Getting my own numerological obsession out of the way… Early in the film Oscar asks Céline, his chauffeuse, if he has a lot of appointments scheduled for the day. Nine, she tells him. But at this point Oscar has already had two appointments. So I counted them myself:
1. Hotel portal into movie theater
2. Exec leaving big white house with children and guards on the roof
3. Beggar woman
4. Point-light CGI dance…
5. Beauty and the beast at photo shoot…
6. Father retrieving daughter from party
7. Entr’acte with accordions…
8. Murder at warehouse
9. Murder at cafe
10. Old man dying in bed
11. Musical interlude with Kylie Minogue…
12. Home with chimps
One could split a couple of these appointments into two separate scenes, but each of the 12 requires Oscar to assume a different persona. Between appointments he is Oscar, riding in the limo getting ready for his next appointment. But is this the “real” Oscar? Or as limo-rider is he again playing a role? Surely he is, since it’s this role — Oscar as performer doing a variety of gigs — that holds the whole movie together. Make it 13 appointments then.
But what about the last scene, the titular scene, when the holy motors, the limos, are all gathered at the garage? Oscar isn’t in this scene, but like the interior of the limo, the garage is a setting that frames the whole movie. The cars are lamenting the lost age of the “visible machines” like themselves, the “holy motors,” replaced now by the unholy and invisible machines of CGI and the backroom banking mechanisms where the movie deals get done and the appointments get put on the books. We infer that Oscar too is a holy motor, a visible machine, a live actor, and that his time too is coming to an end. So this nostalgic garage, populated by no living humans, is a kind of mausoleum. We’ve had scenes shot in graveyards, we’ve seen Oscar killing his own double, twice, we’ve seen Kylie either suicided or playing a suicide, so this comically mournful scene of reminiscing limos is the future unreality toward which the rest of the movie points.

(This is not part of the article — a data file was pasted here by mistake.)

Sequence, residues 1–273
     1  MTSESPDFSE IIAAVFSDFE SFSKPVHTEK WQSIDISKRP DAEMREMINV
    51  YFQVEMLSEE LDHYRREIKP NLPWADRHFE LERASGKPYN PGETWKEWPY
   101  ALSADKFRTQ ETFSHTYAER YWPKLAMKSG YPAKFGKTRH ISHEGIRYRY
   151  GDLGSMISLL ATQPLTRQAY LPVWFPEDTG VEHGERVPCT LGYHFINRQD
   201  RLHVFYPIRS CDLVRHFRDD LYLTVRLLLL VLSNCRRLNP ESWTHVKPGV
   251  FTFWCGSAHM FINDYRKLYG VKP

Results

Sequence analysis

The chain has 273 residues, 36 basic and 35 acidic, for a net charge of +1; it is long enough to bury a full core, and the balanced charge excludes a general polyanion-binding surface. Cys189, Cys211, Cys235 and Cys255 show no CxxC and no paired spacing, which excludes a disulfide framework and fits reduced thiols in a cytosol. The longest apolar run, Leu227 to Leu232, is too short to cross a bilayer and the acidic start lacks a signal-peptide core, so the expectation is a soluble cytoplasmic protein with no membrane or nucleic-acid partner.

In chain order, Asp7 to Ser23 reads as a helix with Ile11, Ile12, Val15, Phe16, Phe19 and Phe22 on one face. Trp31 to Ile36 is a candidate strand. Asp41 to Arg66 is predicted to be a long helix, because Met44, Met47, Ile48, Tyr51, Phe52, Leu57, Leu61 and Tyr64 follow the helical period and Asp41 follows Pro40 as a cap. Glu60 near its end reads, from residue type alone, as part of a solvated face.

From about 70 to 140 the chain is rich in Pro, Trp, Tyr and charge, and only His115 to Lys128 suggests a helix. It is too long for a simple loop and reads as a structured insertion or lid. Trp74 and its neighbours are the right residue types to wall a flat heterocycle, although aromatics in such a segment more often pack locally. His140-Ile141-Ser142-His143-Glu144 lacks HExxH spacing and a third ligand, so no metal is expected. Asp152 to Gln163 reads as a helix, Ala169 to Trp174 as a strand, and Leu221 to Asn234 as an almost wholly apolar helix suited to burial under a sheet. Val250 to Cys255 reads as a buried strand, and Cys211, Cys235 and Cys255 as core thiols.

So let’s make it 14 appointments, the last one with Oscar absent except in postmortem spirit. And voilà, we have the fourteen Stations of the Cross, with Oscar playing the role of Jesus and the garage playing the tomb, the Fourteenth Station. And the limos are like the angels in the tomb, ready to bring Oscar back from the dead again tomorrow. I believe it was the Entr’acte that tipped off this idea for me, since it’s played inside a cathedral like a liturgical procession, and all of those old French churches have the Stations lining their walls.